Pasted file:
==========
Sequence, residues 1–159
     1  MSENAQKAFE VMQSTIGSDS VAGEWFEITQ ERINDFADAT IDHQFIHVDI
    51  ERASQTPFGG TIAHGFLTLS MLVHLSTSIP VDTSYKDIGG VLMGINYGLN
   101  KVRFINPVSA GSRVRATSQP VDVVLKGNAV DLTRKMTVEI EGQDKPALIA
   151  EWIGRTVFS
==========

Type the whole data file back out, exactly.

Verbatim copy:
Sequence, residues 1–159
     1  MSENAQKAFE VMQSTIGSDS VAGEWFEITQ ERINDFADAT IDHQFIHVDI
    51  ERASQTPFGG TIAHGFLTLS MLVHLSTSIP VDTSYKDIGG VLMGINYGLN
   101  KVRFINPVSA GSRVRATSQP VDVVLKGNAV DLTRKMTVEI EGQDKPALIA
   151  EWIGRTVFS